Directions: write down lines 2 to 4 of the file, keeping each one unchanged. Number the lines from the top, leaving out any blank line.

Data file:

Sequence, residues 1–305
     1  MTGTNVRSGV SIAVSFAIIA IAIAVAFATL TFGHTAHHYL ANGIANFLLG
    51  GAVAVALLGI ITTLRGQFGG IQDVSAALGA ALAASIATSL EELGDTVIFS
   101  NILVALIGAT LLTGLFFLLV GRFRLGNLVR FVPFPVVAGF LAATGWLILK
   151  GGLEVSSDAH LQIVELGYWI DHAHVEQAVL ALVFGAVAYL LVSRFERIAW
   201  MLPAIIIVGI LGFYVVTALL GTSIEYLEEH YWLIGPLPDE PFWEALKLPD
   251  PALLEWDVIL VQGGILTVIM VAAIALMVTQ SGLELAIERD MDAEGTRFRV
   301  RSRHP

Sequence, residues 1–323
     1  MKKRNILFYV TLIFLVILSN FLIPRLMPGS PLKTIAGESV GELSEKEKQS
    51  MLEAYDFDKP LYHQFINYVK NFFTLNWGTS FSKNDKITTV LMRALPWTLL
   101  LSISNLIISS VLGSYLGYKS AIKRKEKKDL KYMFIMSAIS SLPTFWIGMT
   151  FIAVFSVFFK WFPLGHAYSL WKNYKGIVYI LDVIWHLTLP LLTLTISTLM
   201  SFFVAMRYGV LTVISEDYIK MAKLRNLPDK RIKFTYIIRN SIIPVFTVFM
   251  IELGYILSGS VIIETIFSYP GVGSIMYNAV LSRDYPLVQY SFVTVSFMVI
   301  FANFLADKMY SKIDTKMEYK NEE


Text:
     1  MTGTNVRSGV SIAVSFAIIA IAIAVAFATL TFGHTAHHYL ANGIANFLLG
    51  GAVAVALLGI ITTLRGQFGG IQDVSAALGA ALAASIATSL EELGDTVIFS
   101  NILVALIGAT LLTGLFFLLV GRFRLGNLVR FVPFPVVAGF LAATGWLILK